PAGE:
Baroque Women and the Arts in Europe and Japan Term Paper by Jay Writtings LLC

Baroque Women and the Arts in Europe and Japan
An overview of the Baroque period, focusing on its music, art, and culture, and the growing presence of women in all these fields.
# 117680 | 3,946 words | 8 sources | MLA | 2009 | US

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This paper provides some of the distinguishing characteristics and significant events of the Baroque period, which lasted from 1600 to 1760, and describes its achievements in music, arts, and culture. The writer explains that this period is divided into Early, Middle and Late Baroque, and involved many changes that affect our society even to this day. Women were not allowed to act publicly in pre-Baroque Europe, but gradually made an appearance on stage from the early 17th century on. Although, as actresses, they were usually still treated as second-hand citizens, it is through the theater that some achieved fame and fortune, and often positions of political influence as well. A few women penetrated into areas formerly occupied only by men, and became playwrights, or theater managers, or composers. One of the greatest musical achievements of the Baroque period was the development of opera, and the writer compares this to Kabuki, which developed at around the same time in Japan.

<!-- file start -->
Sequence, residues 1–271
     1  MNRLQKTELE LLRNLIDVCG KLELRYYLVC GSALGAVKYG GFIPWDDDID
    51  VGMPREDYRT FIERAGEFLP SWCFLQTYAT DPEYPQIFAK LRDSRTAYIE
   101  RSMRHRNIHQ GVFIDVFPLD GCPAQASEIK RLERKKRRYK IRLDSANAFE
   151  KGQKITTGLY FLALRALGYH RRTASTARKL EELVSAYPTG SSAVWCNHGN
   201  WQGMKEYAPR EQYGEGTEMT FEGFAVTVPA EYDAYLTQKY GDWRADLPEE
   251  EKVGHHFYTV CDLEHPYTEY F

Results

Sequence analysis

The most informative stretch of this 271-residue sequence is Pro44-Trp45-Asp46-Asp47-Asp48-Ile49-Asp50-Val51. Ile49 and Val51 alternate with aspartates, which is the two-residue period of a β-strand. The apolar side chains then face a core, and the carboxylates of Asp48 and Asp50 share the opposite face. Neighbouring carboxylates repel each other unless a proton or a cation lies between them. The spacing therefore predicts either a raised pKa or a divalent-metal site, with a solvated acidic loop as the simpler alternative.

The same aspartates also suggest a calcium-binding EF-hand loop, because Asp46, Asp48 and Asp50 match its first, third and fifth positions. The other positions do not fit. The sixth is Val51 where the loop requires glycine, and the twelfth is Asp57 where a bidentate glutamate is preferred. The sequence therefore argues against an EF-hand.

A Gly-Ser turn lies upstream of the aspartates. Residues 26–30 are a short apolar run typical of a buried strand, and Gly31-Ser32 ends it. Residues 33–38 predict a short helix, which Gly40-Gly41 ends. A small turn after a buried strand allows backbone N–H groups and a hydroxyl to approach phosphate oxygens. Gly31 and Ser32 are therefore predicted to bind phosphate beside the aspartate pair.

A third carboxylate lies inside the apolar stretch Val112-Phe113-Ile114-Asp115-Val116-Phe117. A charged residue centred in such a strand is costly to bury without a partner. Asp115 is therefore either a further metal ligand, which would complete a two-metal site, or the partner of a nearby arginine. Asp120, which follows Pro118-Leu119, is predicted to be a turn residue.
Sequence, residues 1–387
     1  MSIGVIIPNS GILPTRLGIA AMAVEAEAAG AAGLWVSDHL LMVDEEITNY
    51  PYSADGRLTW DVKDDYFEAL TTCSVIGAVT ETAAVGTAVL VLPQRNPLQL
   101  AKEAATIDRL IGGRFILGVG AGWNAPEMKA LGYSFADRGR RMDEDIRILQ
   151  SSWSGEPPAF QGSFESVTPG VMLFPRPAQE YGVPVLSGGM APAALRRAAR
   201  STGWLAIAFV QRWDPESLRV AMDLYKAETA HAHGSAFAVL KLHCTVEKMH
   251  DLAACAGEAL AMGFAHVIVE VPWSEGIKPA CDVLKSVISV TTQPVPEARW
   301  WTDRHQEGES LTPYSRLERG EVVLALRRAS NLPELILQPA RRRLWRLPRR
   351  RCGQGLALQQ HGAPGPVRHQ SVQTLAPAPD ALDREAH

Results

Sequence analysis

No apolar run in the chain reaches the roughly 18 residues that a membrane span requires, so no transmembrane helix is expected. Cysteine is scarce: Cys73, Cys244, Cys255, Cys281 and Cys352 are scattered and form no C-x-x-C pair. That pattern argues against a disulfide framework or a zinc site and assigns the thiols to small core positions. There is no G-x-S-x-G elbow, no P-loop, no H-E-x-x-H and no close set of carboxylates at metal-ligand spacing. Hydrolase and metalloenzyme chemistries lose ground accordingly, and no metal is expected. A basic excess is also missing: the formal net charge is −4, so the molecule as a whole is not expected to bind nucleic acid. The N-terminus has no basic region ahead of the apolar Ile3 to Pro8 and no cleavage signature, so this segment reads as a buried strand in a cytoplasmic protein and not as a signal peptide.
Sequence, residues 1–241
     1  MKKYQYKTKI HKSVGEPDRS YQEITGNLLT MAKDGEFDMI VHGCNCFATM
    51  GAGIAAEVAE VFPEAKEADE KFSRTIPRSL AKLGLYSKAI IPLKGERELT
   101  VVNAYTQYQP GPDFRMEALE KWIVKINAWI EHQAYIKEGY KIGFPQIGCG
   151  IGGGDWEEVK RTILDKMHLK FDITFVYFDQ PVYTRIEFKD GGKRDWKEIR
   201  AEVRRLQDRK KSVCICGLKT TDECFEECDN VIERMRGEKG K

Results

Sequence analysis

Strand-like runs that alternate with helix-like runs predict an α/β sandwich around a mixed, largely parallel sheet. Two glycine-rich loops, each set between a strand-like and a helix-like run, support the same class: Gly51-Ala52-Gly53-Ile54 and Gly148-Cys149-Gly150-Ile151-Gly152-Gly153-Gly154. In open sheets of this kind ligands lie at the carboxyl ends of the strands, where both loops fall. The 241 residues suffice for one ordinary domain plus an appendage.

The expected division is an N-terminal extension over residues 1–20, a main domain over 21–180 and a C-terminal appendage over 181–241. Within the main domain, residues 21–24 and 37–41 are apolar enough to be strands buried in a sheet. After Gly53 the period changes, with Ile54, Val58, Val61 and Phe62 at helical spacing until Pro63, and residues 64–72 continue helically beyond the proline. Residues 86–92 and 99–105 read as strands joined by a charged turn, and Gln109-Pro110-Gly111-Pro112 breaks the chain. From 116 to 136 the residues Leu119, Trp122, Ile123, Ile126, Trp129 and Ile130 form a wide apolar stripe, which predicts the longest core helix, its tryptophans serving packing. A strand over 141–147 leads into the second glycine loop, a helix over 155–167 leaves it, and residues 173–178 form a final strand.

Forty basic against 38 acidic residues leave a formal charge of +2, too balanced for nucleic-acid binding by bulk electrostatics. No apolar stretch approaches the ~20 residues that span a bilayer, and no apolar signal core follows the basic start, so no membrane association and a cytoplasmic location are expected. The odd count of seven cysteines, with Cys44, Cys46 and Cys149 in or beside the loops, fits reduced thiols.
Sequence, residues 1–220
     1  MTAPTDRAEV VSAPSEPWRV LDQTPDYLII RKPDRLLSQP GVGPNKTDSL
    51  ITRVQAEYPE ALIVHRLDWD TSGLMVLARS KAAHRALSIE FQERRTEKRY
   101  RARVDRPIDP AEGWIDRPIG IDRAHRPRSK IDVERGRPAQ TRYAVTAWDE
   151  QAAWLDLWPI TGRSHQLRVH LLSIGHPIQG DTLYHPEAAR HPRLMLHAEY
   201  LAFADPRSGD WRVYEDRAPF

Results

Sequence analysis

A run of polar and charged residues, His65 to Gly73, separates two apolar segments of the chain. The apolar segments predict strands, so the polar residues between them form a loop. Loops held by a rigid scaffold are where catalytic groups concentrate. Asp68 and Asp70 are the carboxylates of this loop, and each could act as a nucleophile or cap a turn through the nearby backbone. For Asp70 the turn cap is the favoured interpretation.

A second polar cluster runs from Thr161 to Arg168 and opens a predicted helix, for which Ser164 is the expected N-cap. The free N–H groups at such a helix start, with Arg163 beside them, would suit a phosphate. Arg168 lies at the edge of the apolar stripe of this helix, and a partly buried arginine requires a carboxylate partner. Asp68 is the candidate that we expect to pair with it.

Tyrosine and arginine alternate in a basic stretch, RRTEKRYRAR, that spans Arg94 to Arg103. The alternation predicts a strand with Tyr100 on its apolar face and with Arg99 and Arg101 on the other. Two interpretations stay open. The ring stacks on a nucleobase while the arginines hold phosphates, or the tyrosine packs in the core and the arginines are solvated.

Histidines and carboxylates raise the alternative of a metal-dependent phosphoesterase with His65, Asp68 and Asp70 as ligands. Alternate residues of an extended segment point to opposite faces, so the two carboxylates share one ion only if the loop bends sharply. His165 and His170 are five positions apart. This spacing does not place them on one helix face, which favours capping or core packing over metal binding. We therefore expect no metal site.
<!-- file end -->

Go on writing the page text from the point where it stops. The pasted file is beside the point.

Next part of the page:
From the Paper:

"The Baroque Period occurred during the time frame from 1600-1760. Historically, the Baroque Period is divided into three time periods. The Early Baroque Period occurred from 1600-1640. The beginning of this period occurred in the Renaissance Era. Women were not allowed to act on stage during this early time period. It was viewed as disgraceful at this time in history. It was under the Cromwell Puritan rule, with very strict societal and cultural rules in place. The Middle Baroque period was from 1640-1680. This is the time period when women first started performing on stage."

Sample of Sources Used:

  • Fenton-Malloy, Linda. Theatre at University of British Columbia, 2007.
  • Chambers, E. K. The Elizabethan Stage. 4 Volumes, Oxford, Clarendon Press, 1923.
  • Fine Arts Society of Indianapolis, 2007.
  • Bellinger, M. "A Short History of the Theatre", New York: Henry Holt and Company, 1927.
  • Roberts, D. "The Ladies: Female Patronage of Restoration Drama 1660-1700)" (Oxford: Oxford University Press, 1989).

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